Search under way for missing Argentinian submarine
Vessel with 44 crew last made radio contact on Wednesday when patrolling off Patagonia
Undated handout photo from the Argentine Navy of the ARA San Juan submarine, which is missing. File photograph: Argentina Navy/EPA
Military ships and aircraft were searching off the coast of Argentina today for an Argentine navy submarine missing for two days, officials said.
The vessel, which was patrolling off Patagonia with 44 crew members, last made radio contact on Wednesday, Capt Enrique Balbi, a spokesman for the Argentine navy, said in a television interview. Two planes were deployed on Thursday afternoon to begin searching for the submarine, ARA San Juan, one of three in Argentina’s fleet.
Rescuers were hindered by poor visibility and they resumed the search this morning using sea vessels and aircraft.
The submarine’s last known location was 240 nautical miles off the coast, according to the navy. The ARA San Juan was travelling from the Patagonian city of Ushuaia to Mar del Plata, in Buenos Aires province, conducting a routine security patrol.
Ply the coast
Submarines often ply the Argentine coast to detect illegal fishing.
One of the crew members is Eliana María Krawczyk, Argentina’s first female submarine officer. Her father, Eduardo Krawczyk, told the Todo Noticias news network today that the family was hoping for the best.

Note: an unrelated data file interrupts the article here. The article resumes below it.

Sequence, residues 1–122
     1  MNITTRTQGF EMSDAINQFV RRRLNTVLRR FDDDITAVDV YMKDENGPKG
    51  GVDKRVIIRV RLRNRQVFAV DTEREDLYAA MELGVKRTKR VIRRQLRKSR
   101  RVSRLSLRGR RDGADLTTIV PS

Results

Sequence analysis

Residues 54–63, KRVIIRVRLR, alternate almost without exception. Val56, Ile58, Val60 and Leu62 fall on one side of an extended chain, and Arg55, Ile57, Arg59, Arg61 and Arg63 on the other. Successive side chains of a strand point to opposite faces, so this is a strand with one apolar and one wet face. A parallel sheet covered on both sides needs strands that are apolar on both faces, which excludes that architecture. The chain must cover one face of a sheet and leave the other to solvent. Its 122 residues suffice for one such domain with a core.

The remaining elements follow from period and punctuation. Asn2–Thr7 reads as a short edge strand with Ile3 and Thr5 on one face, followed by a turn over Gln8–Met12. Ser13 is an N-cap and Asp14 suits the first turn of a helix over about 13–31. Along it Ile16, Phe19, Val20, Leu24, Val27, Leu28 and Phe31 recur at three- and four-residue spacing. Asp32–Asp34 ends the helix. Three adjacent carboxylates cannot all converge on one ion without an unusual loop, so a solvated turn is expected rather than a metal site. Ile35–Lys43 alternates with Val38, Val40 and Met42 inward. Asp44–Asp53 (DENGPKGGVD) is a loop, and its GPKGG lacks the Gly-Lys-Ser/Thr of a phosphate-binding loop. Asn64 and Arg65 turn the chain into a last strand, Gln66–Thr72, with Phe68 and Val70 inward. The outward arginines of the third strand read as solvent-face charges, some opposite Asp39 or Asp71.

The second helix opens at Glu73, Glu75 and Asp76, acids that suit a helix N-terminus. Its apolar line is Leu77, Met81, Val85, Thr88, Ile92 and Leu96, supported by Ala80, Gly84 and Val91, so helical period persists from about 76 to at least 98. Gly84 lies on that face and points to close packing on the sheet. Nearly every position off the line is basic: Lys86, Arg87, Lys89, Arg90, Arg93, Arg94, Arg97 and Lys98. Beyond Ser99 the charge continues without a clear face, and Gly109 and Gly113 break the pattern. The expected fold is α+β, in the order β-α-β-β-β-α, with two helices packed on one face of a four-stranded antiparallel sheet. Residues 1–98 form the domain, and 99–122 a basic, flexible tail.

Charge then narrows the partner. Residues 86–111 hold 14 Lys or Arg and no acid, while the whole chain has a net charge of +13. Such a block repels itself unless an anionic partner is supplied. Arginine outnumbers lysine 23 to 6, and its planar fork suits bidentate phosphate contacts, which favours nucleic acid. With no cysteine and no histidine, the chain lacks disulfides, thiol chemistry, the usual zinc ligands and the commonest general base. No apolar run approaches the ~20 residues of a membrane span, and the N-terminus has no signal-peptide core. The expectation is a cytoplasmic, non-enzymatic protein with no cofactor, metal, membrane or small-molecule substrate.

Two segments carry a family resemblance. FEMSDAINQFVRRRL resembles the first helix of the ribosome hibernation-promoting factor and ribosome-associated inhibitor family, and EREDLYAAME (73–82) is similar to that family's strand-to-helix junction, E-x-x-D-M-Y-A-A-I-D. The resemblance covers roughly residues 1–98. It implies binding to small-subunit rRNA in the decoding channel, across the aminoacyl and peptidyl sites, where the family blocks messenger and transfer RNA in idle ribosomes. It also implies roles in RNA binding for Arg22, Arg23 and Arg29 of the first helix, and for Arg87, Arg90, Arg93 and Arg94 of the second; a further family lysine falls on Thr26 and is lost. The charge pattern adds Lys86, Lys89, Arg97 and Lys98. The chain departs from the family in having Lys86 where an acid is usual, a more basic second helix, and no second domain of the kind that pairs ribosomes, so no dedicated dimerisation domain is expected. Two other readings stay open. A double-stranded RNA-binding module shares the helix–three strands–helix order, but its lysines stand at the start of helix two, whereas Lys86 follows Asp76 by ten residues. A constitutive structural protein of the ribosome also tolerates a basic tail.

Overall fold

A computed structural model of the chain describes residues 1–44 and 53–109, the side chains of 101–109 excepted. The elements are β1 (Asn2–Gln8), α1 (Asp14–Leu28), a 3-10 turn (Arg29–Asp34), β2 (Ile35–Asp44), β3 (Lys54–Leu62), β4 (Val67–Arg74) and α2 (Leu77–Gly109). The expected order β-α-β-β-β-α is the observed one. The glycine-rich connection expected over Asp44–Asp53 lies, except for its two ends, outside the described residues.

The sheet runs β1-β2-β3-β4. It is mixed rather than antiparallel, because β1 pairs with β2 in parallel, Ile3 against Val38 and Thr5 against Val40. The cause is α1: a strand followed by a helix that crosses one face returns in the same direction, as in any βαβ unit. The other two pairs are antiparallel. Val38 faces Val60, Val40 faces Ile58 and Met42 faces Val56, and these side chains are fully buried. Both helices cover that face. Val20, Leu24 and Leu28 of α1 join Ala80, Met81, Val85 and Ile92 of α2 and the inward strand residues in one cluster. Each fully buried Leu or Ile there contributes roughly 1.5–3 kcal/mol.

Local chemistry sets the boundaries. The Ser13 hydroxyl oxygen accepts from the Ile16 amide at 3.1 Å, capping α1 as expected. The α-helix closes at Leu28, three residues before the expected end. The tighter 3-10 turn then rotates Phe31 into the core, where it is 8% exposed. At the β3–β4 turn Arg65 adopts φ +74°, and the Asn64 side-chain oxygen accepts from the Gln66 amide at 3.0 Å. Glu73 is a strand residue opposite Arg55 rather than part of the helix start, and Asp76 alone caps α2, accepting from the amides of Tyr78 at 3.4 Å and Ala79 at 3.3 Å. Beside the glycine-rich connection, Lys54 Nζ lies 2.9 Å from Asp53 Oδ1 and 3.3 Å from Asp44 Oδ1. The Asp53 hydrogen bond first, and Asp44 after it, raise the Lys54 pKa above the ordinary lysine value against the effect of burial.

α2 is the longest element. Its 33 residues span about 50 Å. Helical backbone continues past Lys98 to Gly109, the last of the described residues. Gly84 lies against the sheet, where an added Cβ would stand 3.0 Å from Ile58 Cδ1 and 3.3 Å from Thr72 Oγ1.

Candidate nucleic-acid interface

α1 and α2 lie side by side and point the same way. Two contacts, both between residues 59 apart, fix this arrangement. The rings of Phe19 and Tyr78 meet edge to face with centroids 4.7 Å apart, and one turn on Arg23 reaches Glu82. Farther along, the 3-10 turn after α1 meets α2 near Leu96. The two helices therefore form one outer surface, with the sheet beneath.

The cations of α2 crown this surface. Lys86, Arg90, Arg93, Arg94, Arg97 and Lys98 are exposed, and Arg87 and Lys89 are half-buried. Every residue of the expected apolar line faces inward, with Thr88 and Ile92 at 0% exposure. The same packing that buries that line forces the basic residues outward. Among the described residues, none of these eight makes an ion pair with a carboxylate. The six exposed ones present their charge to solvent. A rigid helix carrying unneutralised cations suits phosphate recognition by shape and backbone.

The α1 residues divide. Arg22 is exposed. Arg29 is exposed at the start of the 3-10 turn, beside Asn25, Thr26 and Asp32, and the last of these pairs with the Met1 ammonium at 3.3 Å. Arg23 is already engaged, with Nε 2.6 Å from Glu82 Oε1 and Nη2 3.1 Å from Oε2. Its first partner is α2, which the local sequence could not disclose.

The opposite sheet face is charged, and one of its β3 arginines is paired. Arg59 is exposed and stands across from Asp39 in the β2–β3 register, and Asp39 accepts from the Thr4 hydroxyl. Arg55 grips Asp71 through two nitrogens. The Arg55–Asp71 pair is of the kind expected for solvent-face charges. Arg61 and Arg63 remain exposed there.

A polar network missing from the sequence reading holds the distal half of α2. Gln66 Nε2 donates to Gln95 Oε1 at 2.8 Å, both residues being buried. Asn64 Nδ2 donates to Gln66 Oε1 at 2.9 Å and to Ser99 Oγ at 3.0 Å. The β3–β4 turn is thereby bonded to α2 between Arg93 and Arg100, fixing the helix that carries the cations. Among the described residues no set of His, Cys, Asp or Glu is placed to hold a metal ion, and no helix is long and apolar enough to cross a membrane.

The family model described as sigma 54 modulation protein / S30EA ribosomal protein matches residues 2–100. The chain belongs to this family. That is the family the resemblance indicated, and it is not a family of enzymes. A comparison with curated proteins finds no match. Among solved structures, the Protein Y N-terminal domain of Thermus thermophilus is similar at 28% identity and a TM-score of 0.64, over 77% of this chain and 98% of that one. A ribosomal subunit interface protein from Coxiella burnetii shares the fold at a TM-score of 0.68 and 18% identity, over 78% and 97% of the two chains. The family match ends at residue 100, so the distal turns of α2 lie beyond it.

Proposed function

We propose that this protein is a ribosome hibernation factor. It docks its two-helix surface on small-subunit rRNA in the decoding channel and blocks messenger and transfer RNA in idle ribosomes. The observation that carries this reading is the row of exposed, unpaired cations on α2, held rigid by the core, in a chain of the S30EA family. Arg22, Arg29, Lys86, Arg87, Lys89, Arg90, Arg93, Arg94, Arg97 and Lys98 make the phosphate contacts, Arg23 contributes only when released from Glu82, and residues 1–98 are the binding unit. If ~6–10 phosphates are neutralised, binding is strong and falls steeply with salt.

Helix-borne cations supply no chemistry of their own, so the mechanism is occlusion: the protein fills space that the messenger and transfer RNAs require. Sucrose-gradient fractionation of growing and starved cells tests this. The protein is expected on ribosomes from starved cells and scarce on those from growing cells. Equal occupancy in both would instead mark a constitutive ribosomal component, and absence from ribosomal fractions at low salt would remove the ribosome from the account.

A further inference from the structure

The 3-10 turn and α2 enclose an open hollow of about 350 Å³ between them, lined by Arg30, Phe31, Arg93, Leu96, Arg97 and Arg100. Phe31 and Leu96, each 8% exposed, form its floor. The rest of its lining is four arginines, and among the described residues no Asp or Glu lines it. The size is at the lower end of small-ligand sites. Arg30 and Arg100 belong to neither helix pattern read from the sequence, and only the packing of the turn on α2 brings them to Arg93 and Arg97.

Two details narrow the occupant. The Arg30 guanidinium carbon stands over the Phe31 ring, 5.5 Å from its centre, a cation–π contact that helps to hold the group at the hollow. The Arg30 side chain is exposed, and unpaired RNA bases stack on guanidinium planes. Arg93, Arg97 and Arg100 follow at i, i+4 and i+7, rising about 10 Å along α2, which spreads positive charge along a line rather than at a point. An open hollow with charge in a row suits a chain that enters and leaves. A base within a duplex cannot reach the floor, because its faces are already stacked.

The rescue mission included two ships, destroyer ARA Sarandi, which has a helicopter onboard, and corvette ARA Rosales. Argentine officials also asked civilian vessels in the area to monitor for possible radio signals from the submarine.
Navy officials attempted to downplay the situation after local news outlets broke news of the search early today. “We are not talking about an emergency right now, but rather we are handling it as a loss of communication with the submarine,” Rear Adm Gabriel Martín González, who oversees submarine crews, told reporters outside the naval base at Mar del Plata.
According to protocol, submarines that lose the ability to communicate must surface, Balbi, the navy spokesman, said.
If the ARA San Juan managed to do that, its crew could survive for weeks. Balbi said it was not known whether the vessel had surfaced. Submarines can travel underwater for a couple of days, he said, before needing to surface so their diesel engines can recharge their batteries. – New York Times